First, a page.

rebecca cook/reuters


Detroit Red Wings centre Pavel Datsyuk scores a goal against Calgary Flames goalie Miikka Kiprusoff during their playoff game yesterday in Detroit.


The Flames flickered on the road throughout the regular season. So, honestly, why should we have expected anything different last night?


Truth is that, in retrospect, we shouldn’t have.

In the lid-lifter of their playoff series in Detroit, the Red Wings outmuscled, outhustled, outshot (46-19) and even outclassed the Flames. If anything, the 4-1 score flattered Calgary. The Wings, after all, jumped ahead 4-0 and you got the impression that they could have scored a couple more goals if they really, really wanted to do so.

This was all Detroit. Despite some pre-series praise for the Flames from talking heads Don Cherry and Brett Hull, who mentioned the teams physical abilities as a reason for a possible upset in the series, the Flames showed virtually no toughness.

We got up early,” Detroit defenceman Chris Chelios said, and we were able to control the game.”

The Flames, in reality, started the playoffs much the same way they completed the regular season. They stumbled into the post-season, losing their final four games and needing a Colorado Avalanche loss on the second-to-last day to clinch the eighth and final berth.

While they figured they matched up well with the Wings, having split the regular-season series on the strength of two home wins, they didn't assert themselves in any way last night.

There's no question that the Flames are as strong as any team in the NHL on their home ice. But unless they can come away with at least one triumph in Detroit -- which doesn't seem remotely feasible after last night- there will be no upset in this series.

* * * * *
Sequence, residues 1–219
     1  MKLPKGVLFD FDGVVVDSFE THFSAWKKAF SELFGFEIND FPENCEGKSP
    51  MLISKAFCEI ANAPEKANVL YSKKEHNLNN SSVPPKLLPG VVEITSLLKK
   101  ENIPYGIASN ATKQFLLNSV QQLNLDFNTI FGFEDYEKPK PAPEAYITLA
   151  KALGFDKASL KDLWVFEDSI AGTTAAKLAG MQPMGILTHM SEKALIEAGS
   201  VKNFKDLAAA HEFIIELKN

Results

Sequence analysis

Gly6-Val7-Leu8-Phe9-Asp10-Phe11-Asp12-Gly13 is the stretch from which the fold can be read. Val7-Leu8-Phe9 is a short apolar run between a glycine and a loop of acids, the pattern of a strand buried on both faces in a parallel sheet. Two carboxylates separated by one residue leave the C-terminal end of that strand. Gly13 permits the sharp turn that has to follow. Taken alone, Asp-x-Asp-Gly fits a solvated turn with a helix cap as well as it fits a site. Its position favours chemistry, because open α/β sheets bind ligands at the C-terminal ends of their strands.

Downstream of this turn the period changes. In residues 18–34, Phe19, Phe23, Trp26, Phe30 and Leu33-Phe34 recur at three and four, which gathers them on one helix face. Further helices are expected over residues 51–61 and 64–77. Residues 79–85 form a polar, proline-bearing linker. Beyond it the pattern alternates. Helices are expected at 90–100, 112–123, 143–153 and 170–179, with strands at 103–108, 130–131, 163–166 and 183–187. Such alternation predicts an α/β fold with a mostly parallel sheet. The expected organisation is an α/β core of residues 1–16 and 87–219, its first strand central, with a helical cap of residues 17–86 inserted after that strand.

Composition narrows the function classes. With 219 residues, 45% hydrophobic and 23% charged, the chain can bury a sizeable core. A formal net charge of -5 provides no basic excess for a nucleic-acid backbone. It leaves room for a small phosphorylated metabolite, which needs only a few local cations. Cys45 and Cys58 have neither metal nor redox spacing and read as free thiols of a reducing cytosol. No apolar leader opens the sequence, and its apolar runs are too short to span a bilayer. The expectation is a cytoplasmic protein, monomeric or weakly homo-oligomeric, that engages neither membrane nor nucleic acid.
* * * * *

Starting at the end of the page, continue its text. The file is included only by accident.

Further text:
• Bill Berg was a decent NHL player but he's better analyst and that should worry the Ottawa Senators.

Berg, see, suggested yesterday that he didn't think the Sens—despite a superb effort in their 6-3 victory over the Pittsburgh Penguins Wednesday — stand any chance of prevailing when the Sens and Pens line up for the second game of their series tomorrow.

In fact, even though the Sens are heavily favoured over the Pens and even though CBC luminary Don Cherry thinks Ottawa is en route to the Stanley Cup championship series Berg is not convinced that the team is for real.

I think the Penguins will bounce back in Game 2,” Berg said. I want to see Game 2 because I think that'll be a true measure of their series.”

• History, by the way, is on the Pens' side.

The Sens have never won the second game of a playoff series after taking the opener.